The first of the two delta neutrality algorithmic mechanisms is the Price Impact function. The price impact function influences the price of the futures contract, which occurs at the time of any futures contract transaction.
The price impact function encourages market neutrality by offering price discounts for traders to take trades that reduce the market skew and premiums for traders who increase the market skew. When there’s a long skew, where there are more traders with long positions than short positions, traders going short will earn a discount on the fill price of their trade based on how imbalanced the skew is. A larger skew will result in a larger premium or discount. If the same trader executes a long trade when there is a long skew, the trader will pay a premium on their fill price. Conversely, when there’s a short skew, traders going long receive a discount, and those going short pay a premium. This mechanism rewards traders to take positions that help reduce the skew and balance the market, promoting stability and reducing risk for stakers.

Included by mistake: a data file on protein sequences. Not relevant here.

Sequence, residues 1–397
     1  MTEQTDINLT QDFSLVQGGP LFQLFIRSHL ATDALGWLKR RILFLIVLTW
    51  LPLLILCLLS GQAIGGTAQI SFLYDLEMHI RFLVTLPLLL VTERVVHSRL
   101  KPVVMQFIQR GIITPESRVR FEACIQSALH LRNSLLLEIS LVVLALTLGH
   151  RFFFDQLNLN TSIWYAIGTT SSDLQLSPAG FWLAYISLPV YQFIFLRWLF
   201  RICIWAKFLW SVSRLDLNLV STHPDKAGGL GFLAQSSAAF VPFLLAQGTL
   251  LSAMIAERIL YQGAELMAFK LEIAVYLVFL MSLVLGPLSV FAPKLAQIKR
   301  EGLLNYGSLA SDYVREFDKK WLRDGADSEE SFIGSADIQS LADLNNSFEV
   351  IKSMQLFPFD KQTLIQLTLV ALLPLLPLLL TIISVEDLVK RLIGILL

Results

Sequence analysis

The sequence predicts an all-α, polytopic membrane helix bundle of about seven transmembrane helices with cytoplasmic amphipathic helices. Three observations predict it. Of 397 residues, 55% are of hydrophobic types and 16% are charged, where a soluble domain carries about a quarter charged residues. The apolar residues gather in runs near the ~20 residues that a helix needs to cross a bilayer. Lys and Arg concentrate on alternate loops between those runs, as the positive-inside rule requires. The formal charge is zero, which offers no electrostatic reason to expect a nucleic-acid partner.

The Price Impact function is the first layer of incentives that helps protect stakers by ensuring that there are multiple structures that keep markets delta-neutral for liquidity providers. The price impact function mechanism actually creates a high-frequency rebalancing incentive where delta-neutral arbitrage can take place, and places soft limits on the maximum exposure held by the debt pool by storing premiums from takers, who are increasing the skew, and distributing them to makers, who are decreasing the skew. This mechanism reduces the likelihood of non-neutral markets and all of this is algorithmically driven and is achieved without needing explicit restrictive open interest limits and mitigating challenges related to decentralized oracle latency.